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(Reuters) - A Tennessee man was found guilty on Thursday of plotting in 2015 to round up a militia and burn down a mosque, school and cafeteria in the upstate New York community of Islamberg, which is home to a mostly Muslim population, prosecutors said.
Robert Doggart, 65, was convicted in U.S. District Court in Chattanooga of solicitation to commit arson and violate civil rights, as well as of making a threat in interstate commerce, the Department of Justice said in a written statement.
Attorneys for Doggart did not immediately respond to requests for comment.
Doggart was arrested by Federal Bureau of Investigation agents in April 2015 after telling a government informant in wire-tapped phone calls that he planned to recruit a militia and travel to Islamberg, about 145 miles northwest of New York City, prosecutors say.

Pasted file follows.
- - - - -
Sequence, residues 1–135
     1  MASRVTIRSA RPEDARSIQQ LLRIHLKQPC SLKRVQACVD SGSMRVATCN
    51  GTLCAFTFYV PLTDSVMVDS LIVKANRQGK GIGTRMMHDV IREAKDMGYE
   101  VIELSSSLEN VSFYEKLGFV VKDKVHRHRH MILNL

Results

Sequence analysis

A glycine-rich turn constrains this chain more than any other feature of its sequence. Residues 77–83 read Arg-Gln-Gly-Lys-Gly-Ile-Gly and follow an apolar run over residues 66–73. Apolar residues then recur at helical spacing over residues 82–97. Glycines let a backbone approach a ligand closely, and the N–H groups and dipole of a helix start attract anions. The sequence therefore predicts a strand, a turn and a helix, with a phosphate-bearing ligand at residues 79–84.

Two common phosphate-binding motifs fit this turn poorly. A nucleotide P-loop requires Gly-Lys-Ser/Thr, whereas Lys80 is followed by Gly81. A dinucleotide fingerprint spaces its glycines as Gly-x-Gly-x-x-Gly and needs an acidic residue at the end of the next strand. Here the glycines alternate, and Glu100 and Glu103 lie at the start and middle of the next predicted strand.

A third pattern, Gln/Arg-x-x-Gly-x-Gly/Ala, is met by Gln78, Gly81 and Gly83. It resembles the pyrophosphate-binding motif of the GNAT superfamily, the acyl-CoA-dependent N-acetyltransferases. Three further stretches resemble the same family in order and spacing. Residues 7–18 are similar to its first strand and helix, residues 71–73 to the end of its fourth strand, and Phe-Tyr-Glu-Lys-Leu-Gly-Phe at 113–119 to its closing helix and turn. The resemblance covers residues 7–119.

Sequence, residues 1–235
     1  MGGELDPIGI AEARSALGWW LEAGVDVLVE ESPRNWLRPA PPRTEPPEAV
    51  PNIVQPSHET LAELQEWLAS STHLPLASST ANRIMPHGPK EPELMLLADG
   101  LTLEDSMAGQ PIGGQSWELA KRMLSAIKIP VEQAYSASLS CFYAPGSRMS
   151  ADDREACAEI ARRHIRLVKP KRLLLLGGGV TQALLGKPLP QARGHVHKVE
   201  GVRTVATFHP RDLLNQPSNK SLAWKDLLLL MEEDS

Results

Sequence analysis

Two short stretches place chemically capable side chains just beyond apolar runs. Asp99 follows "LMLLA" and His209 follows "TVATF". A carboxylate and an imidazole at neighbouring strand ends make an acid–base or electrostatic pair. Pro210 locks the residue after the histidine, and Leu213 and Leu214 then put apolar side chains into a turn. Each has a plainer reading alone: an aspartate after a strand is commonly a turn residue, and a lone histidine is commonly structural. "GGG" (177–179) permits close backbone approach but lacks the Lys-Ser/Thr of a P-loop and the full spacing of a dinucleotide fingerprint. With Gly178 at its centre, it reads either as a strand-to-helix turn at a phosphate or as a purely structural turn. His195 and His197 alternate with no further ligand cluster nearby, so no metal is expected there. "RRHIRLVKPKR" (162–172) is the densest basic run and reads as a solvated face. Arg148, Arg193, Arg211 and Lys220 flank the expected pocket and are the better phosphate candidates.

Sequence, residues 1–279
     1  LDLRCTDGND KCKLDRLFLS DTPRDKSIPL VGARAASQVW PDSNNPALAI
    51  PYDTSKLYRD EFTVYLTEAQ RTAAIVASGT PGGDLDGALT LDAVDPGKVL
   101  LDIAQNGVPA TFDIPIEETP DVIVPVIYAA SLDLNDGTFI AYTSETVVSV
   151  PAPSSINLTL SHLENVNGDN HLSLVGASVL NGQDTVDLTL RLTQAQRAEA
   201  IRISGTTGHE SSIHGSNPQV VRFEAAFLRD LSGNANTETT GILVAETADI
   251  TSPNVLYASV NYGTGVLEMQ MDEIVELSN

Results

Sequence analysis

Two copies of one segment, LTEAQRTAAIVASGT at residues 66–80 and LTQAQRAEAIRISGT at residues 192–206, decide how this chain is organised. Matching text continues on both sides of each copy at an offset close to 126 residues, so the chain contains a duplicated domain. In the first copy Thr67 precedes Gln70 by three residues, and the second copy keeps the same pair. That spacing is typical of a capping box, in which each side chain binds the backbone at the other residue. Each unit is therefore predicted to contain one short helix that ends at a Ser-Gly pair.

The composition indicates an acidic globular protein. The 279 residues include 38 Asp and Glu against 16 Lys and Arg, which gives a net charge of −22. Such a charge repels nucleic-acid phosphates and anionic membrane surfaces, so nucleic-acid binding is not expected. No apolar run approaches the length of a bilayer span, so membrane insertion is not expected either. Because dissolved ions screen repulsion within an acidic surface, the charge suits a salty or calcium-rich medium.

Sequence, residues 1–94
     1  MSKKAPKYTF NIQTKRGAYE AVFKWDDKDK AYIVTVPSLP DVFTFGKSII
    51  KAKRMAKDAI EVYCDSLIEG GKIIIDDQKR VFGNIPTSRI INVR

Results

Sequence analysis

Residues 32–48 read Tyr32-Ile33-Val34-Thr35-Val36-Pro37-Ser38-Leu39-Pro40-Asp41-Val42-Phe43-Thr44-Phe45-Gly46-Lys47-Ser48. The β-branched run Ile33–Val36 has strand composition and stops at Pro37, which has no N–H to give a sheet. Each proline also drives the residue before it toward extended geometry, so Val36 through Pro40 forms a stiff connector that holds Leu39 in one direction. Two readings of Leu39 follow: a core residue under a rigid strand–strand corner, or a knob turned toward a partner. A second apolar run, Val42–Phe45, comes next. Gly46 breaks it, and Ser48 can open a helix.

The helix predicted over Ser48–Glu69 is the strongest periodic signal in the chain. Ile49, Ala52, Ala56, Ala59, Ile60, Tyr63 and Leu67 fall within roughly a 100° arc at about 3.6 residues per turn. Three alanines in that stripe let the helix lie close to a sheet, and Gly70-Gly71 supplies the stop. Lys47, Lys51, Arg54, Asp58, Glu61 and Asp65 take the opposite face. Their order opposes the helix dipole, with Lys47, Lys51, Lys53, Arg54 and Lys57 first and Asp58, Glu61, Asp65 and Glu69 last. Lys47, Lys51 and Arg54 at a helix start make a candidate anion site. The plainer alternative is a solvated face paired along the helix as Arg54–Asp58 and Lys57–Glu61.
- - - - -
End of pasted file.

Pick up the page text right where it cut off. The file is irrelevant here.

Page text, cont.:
The group planned to burn down the community's mosque and shoot anyone who tried to stop them, according to the criminal complaint.
"The defendant sought out others to join him in a violent attack on a community of men, women, and children because of their religion," Acting Assistant Attorney General Tom Wheeler said in the statement.
Defense attorneys argued in court that Doggart had exaggerated his intentions to attack Islamberg after being encouraged by the informant and that he never had a solid plan in place, the Chattanooga Times Free Press reported.
The attorneys also argued that Doggart believed Islamberg residents were training for guerrilla warfare against the West, the newspaper reported.
Islamberg, started by a group of African-American Muslims who moved from U.S. cities in the 1970s, is a gated community with dirt roads and several dozen small homes near the town of Hancock in New York's Catskills Mountains.
The 200 or so members of the community, in which children are home-schooled and residents worship at a mosque built on the 70-acre property, follow a Pakistani Sufi cleric.
Doggart, who had been confined to his home since his apprehension, was taken into custody following Thursday's verdict, WRCB TV news reported. His sentencing is scheduled for May, it reported.
Reporting by Laila Kearney and Dan Whitcomb; Editing by Leslie Adler and James Dalgleish